United States District Court, E.D. New York
June 14, 2004.
WILLIAM GUIDUCCI and JOHN CLANCY, Plaintiffs,
KOHL'S DEPARTMENT STORES, Defendant.
The opinion of the court was delivered by: THOMAS PLATT, JR., Senior District Judge
MEMORANDUM AND ORDER
Defendant Kohl's Department Stores ["Kohl's"] moves for
dismissal under Federal Rule of Civil Procedure 12(b)(6) of the
claims of Plaintiffs William Guiducci and John Clancy as
guardians of their respective daughters [collectively,
"Plaintiffs"].*fn1 Plaintiffs sued Kohl's under both
42 U.S.C. § 1983 and relevant State laws.*fn2 Oral argument was
heard on June 10, 2004.
Plaintiffs may seek redress of their grievances through a tort
suit in State court, but they may not obtain it through a civil
rights suit in federal court. Kohl's motion to dismiss is
GRANTED as to Plaintiffs' § 1983 claims, but WITHOUT
PREJUDICE in any State proceeding, and the Court declines to
exercise its supplemental jurisdiction pursuant to
28 U.S.C. § 1367(c) over Plaintiffs' remaining State law claims.*fn3
Messrs. Guiducci and Clancy's daughters were 14-year old girls
when they were caught shoplifting by a (female) security guard at
Kohl's. Without informing either their parents or the police of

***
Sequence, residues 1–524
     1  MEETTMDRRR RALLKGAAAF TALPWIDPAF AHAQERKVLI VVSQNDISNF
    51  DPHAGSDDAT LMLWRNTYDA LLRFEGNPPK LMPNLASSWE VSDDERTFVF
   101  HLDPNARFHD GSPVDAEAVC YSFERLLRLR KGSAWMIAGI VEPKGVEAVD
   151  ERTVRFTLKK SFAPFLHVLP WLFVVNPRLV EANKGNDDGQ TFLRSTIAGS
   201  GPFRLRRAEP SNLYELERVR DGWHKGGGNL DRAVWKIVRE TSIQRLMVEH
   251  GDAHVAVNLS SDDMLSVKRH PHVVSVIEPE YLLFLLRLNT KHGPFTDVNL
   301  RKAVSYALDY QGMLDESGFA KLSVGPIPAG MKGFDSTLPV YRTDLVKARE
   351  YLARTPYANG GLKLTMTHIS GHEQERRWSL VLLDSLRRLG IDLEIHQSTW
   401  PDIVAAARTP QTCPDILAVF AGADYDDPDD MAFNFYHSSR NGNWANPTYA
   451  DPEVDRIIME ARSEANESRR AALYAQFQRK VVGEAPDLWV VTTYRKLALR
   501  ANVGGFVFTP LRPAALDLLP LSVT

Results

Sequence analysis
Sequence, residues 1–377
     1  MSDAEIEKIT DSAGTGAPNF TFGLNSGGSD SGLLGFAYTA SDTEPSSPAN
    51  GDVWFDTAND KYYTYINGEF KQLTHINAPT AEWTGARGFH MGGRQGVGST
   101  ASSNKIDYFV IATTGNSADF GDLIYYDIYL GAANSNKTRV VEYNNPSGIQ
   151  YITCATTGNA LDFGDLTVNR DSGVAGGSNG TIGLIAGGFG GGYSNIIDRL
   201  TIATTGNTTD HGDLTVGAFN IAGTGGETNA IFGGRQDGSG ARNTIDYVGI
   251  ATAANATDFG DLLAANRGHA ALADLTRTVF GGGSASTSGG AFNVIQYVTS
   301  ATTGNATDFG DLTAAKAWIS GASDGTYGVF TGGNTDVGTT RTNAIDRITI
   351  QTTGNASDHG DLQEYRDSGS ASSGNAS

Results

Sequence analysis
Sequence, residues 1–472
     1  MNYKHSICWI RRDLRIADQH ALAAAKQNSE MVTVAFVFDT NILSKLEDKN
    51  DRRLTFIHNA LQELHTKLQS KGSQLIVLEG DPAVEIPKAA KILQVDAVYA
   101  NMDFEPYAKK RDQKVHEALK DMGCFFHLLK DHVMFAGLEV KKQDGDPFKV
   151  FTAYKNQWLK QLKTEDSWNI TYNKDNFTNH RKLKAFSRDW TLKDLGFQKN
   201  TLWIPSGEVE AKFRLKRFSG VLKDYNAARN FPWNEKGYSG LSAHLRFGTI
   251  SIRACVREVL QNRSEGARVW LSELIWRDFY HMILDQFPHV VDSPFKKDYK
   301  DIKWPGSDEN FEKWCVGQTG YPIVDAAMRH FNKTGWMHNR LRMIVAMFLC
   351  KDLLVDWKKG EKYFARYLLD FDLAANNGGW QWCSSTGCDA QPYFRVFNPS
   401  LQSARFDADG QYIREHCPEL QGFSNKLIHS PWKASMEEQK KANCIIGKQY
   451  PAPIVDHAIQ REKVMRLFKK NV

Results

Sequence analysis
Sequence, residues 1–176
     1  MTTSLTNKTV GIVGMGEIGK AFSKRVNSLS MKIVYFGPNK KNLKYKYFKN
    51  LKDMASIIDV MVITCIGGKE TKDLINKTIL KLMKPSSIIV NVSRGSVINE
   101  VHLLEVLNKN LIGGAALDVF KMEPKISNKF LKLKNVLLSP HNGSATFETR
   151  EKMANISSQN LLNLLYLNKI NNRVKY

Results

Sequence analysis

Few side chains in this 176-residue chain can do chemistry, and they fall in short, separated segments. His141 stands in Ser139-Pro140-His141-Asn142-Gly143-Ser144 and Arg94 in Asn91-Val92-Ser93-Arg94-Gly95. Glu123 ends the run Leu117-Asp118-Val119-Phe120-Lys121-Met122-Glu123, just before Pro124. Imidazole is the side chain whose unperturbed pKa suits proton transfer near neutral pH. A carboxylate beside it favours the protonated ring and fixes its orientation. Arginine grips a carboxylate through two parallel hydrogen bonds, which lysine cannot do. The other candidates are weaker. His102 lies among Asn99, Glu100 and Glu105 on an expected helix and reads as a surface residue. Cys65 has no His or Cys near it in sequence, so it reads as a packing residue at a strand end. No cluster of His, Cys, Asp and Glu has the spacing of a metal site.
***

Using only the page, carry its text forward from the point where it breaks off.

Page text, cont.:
their apprehension, the guard forced the girls into an office,
interrogated them, and made them strip to their underclothes to
recover the store's merchandise. Once the girls returned the
shoplifted items to Kohl's, the security guard contacted Suffolk
County police, who arrested the girls on the strength of the
statements of the Kohl's employee. See Plaintiffs' Memorandum
of Law in Opposition to Kohl's Motions at 4-6.
A. Standard of review
In a Rule 12 motion to dismiss for failure to state a claim
upon which relief may be granted, Kohl's must demonstrate that
even if Plaintiffs' allegations are accepted as true, and all
reasonable inferences are drawn in Plaintiffs' favor, Plaintiffs
are still not entitled to the relief sought. See, e.g.,
Swierkiewicz v. Sorema N.A., 534 U.S. 506 (2002).
B. The parties' arguments
Kohl's argues that where "there is an absence of proof that the
private security guard was acting at the direction of or in
cooperation with law enforcement . . . when they detained and/or
arrested a party, there is no Fourth Amendment" violation, and
therefore no § 1983 violation of constitutional rights. Kohl's
Memorandum of Law in Support of Their Motion at 8. Plaintiffs
respond by invoking a single case within the Second Circuit,
Brooks v. Santiago, 1998 U.S. Dist. LEXIS 2769 (S.D.N.Y. Mar.
10, 1998), for the proposition that "a § 1983 claim [may be]